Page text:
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Anisakidosis is a parasitic infection caused by anisakid nematodes in the genera Anisakis and Pseudoterranova. Infection is not uncommon in the United States due to increased raw seafood consumption. We report the first known case of parametrial anisakidosis in a 42-year-old woman and review existing literature.
The patient was a 42-year-old German American female who presented with a 1-year history of intermittent, clear, odorless vaginal discharge and intermittent abdominal bloating. She denied fever, abdominal pain, nausea, vomiting, diarrhea, or weight loss and had regular menstrual cycles. Her past medical history was significant for childhood bronchitis, but she was otherwise in good health with no chronic medical conditions. She had quit smoking tobacco recently, reported drinking wine socially, and denied illicit substance abuse. She also denied any allergic symptoms or rash.
Physical examination revealed an endocervical polyp which was removed and diagnosed as adenocarcinoma in situ by histopathologic examination. A LEEP (loop electrosurgical excision procedure) subsequently revealed invasive, moderately differentiated adenocarcinoma and squamous cell carcinoma of the cervix. She therefore underwent a robotic-assisted radical hysterectomy with bilateral pelvic and periaortic lymphadenectomy. Intraoperatively, a 1-centimeter friable area was observed on the anterior cervix, consistent with her previously diagnosed carcinoma. There were no ectocervical or vaginal lesions, and the bilateral ovaries, fallopian tubes, appendix, and peritoneal cavity appeared normal. However, a firm mass was noted on the external aspect of the posterior cervix in the parametrium when the rectovaginal space was dissected. A hematoxylin-and-eosin-stained section of the mass demonstrated two cross-sections of a presumed single roundworm surrounded by granulomatous inflammation and numerous eosinophils (Fig. 1A). On higher magnification, narrow Y-shaped lateral cords arising from the internal aspect of the muscular coat were observed in the cross sections of the worm (Fig. 1B), most consistent Anisakis larvae, allowing a diagnosis of anisakidosis to be made. The patient was informed about this incidental finding. No serological or molecular tests were done, due to the unavailability of such testing in the United States.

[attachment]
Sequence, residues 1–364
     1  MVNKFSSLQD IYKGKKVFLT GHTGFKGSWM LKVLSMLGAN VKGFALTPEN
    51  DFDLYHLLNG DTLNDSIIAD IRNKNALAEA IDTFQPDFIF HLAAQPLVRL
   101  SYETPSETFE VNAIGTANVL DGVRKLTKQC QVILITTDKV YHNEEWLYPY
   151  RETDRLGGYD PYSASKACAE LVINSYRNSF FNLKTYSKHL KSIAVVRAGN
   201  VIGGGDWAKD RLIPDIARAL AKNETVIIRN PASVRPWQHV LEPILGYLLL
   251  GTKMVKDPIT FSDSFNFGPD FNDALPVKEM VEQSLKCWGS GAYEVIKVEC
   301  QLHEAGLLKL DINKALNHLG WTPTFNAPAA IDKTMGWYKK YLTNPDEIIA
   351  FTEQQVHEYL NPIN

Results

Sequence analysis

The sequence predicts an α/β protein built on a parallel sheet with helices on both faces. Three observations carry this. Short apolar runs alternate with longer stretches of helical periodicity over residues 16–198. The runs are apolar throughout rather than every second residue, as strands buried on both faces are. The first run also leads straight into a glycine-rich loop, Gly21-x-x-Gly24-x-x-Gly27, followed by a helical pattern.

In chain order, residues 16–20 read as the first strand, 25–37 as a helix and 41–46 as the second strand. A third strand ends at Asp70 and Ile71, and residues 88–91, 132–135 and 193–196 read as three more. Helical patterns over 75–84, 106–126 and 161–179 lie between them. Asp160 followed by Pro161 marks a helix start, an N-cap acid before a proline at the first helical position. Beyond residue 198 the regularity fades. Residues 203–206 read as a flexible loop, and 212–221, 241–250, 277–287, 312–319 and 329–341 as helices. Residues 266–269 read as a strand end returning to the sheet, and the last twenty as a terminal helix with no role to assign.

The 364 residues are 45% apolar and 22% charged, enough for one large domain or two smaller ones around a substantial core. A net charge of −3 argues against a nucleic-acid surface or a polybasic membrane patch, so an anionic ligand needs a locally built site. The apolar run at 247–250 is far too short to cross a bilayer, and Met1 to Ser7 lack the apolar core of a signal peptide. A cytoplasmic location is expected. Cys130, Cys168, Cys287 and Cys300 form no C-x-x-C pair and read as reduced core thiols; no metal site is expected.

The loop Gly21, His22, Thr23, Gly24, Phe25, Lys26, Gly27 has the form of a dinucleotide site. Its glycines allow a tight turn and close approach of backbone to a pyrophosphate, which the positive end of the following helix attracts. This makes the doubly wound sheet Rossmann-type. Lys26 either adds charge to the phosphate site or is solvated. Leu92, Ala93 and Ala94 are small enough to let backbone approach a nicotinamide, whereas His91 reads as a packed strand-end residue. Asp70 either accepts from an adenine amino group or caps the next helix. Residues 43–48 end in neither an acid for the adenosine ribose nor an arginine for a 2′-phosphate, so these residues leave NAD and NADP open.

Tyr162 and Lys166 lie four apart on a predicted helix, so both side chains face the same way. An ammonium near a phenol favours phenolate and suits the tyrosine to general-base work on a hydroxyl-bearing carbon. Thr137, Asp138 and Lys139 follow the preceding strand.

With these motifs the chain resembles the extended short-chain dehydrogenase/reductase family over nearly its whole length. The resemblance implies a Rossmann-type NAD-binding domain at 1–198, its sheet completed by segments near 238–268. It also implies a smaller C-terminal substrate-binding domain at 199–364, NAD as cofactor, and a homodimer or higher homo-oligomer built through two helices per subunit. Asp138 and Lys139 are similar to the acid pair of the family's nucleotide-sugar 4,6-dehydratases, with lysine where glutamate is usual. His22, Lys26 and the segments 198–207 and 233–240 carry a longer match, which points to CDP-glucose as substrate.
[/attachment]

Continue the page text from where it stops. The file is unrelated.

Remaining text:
During a subsequent interview, the patient stated that she enjoys eating raw seafood and eats sushi from Japanese restaurants and ceviche from Peruvian restaurants in Miami approximately once a month. She does not buy fish from local markets and denied making these dishes at home. She had lived in the United States for the past 24 years, with most of this time spent in Florida and a few years spent in Arizona and New York. She visited her family in Germany frequently and had also traveled to Thailand the year before, but did not recall eating raw seafood during these trips. She was educated about the risks of acquiring future anisakidosis and the methods of prevention.
Anisakidosis is acquired by the consumption of raw or undercooked marine fish or squid. Human infection occurs due to the accidental ingestion of the third-stage larvae of marine mammal nematodes belonging to the family Anisakidae. The two organisms that are commonly associated with human cases are Anisakis spp. and Pseudoterranova decipiens (1, 2).
Anisakidosis denotes disease caused by any member of the family Anisakidae, whereas anisakiasis is used for disease caused by members of the genus Anisakis and pseudoterranovosis for disease caused by members of genus Pseudoterranova (3). The first description of this infection was in 1845 by Dujardin, who described a worm in dolphins and called it Anisakis. The term Anisakis is derived from the Greek words “anisos,” meaning unequal, and “akis,” meaning point (4). However, it was not until 1960 that the first human infection was reported in a patient from the Netherlands who had reported eating raw herring (5).
Anisakid-infected marine life exists in all the oceans and seas, and the disease is distributed worldwide (6). The prevalence of disease is related to the practice of raw seafood consumption in communities. Currently, around 20,000 new cases are reported worldwide annually; the majority of them (over 90%) are from Japan (7). Most of the other cases occur in parts of coastal Europe (Netherlands, Spain, Germany, and France) and South America where raw fish is consumed. In the United States, the frequency of anisakidosis is unknown, since it is not a reportable disease and may be underdiagnosed (8). The frequency was approximately 10 reported cases per year in the 1970s and may be higher now (8). The incidence is expected to rise in coming years due to increased awareness of infection, advances in endoscopic techniques, increasing popularity of raw seafood consumption, and increasing marine mammal (definitive host) populations since the enactment of the Marine Mammal protection act of 1972 (1, 9). Fish dishes that are commonly implicated in anisakidosis are Japanese sushi and sashimi, South American ceviche, Dutch salted or smoked herring, Filipino bagoong, and Spanish pickled anchovies (9, 10). The risk of infection is lower in Japanese restaurants and sushi bars that serve sushi and sashimi prepared by professional sushi chefs (2, 6). Cheap marine fish and shellfish, such as cod, herring, mackerel, and squid, which are mainly consumed at other ethnic restaurants or at home, tend to be heavily infected with anisakid larvae (Fig. 2) (2). In the United States, salmon and rockfish are commonly implicated in transmitting anisakidosis (11). Wild-caught salmon in the Pacific northwest are commonly infected with anisakid larvae (12) and may cause anisakidosis if consumed raw (11).